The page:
I know it sounds weird
First: I don’t eat spicy food. My heritage is firmly planted in Anglo-Germanic cooking and jalapeÃ±os are not something I ever consider. That said, we were in San Antonio a few weeks ago and had dinner at Bohanan’s. Bohanan’s is a great place: well-crafted cocktails at the bar downstairs, a great not-too-loud jazz quartet, perfect little appetizers. When we moved upstairs for dinner the first thing before us was Candied JalapeÃ±os.
I eyed them suspiciously but tried a taste anyway. We fought over the rest of the serving and we both got that “how do you make these?” gleam in our eyes. Thus began the great candied jalapeÃ±o recipe hunt of 2014.
A search for Candied JalapeÃ±os turns up several takes on the candying process. Some start with already-pickled jalapeÃ±os and add sugar, while others take a pickling approach with vinegar & pickling spices. I tried the pickling method and the jalapeÃ±os ended up…well…like sweet pickles, but pale green and waxy. Nothing close to Bohanan’s. And that jar-o-previously-pickled-jalapenos + sugar just felt like cheating. So, I looked toward candied orange peel recipes for inspiration: fruit + sugar + water. I figured I would cook them a bit less and they’d be perfect. Well, not exactly.
The first time I boiled the peppers for 12 minutes and ended up with shriveled, chewy little pieces of pepper. Not what I was looking for. So I cut the boiling time in half (ish) but the syrup was still too thin to use. So, I poured the cool syrup back in my pan and boiled it to thicken. This is as close as I’ve come to Bohanan’s pickles.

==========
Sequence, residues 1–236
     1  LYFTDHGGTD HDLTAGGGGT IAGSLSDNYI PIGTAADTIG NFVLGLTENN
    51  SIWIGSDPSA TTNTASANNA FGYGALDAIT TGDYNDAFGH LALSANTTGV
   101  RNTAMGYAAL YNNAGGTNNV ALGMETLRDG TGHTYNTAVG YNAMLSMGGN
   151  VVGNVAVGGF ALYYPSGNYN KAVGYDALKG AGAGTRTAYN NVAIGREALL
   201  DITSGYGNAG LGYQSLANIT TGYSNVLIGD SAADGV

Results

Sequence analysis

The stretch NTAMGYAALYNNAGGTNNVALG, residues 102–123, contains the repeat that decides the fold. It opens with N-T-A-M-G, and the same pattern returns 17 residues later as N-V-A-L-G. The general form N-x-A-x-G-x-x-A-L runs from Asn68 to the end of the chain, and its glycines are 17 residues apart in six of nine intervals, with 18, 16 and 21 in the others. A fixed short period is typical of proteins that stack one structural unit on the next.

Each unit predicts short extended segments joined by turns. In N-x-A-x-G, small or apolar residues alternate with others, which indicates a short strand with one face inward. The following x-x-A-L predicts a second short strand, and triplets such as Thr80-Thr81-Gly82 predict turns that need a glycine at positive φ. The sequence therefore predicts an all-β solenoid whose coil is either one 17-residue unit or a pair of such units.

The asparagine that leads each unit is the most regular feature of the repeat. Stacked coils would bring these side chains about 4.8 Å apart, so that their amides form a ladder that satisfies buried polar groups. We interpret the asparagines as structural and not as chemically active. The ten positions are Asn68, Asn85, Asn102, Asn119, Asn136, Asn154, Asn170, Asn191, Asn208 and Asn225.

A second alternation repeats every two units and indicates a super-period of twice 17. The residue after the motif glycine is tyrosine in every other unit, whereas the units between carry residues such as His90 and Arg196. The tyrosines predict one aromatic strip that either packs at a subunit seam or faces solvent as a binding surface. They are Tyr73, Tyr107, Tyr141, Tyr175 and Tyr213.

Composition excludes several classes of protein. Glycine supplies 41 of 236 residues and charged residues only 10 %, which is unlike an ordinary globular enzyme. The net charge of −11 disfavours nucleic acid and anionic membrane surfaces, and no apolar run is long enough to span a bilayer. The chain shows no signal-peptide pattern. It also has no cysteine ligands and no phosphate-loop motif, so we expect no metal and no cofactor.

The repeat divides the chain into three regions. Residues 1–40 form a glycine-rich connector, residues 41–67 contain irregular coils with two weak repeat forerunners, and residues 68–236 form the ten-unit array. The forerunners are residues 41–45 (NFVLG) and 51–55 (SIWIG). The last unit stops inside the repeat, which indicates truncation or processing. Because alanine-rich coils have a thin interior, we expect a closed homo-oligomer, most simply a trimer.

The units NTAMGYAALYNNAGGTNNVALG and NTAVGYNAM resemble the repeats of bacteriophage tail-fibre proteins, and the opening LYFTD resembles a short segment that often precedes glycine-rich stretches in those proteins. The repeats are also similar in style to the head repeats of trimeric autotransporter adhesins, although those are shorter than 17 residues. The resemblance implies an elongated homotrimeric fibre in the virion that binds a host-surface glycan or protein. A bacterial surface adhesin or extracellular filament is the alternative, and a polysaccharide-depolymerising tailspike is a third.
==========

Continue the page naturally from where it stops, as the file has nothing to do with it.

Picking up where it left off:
The traditional Bohanan’s serving suggestion follows.
- Rubber gloves
- Sharp knife
- Long-handled spoon
- Medium saucepan
- (2) One pint canning jars (or one quart jar)
- 10-12 medium jalapeÃ±os
- 300 ml granulated sugar
- 150 ml water
- Measure 300ml granulated sugar and pour into medium saucepan.
- Measure ~150ml cool water and add to sugar in saucepan.
- Stir the sugar-water mixture to combine and place over medium heat.
- Trim the tops off the jalapeÃ±os. Cut jalapeÃ±os in rings, about ¼” inch thick, and place in a small bowl.
- All at once add the jalapeÃ±os to the saucepan, stir quickly, and drop on the lid.
- Boil the jalapeÃ±os for about 5 or 6 minutes stirring once about halfway through.
- Remove from heat and spoon the jalapeÃ±o rings into your jar.
- Return the syrup to the stove, turn the heat to high and boil 4-5 minutes until syrup begins to foam and is relatively thick.
- Pour syrup over jalapeÃ±os and seal tightly.
- Allow to cool on the counter for ½ an hour.
- Using a kitchen towel or glove, rotate the jar a couple of times to mix and put in refrigerator.
- For the next couple of days, rotate (don’t shake) the jalapeÃ±os. You can serve anytime after about a day and a half.
I use the jar I’ll be putting the candied jalapeÃ±os into. This isn’t rocket science. You just need a 2:1 ratio of water to sugar. And while I use canning jars this is not canning. The jars are just convenient.
You may want to put on gloves at this point.
DO NOT stick your face over this pan. Capsacin is released by the jalapeÃ±os and you can get a nasty pepper burn. Seriously.
THESE MUST BE STORED IN THE REFRIGERATOR. THERE ARE NO PRESERVATIVES. THESE ARE NOT PANTRY SAFE.
- 8 ounce block of cream cheese
- 2 Tablespoon heavy cream – or 3 Tablespoons Marscapone
- Crackers for serving (we use water crackers)
Bring cream cheese to room temperature. Add cream or Marscapone and mix well. (N.B. -I also add about a tablespoon of the jalapeÃ±o syrup from the jar. Let you conscience be your guide.)
Scrape into a serving bowl, and surround with crackers. There’s a lot of flavor here and crackers covered with nuts and seeds tend to compete.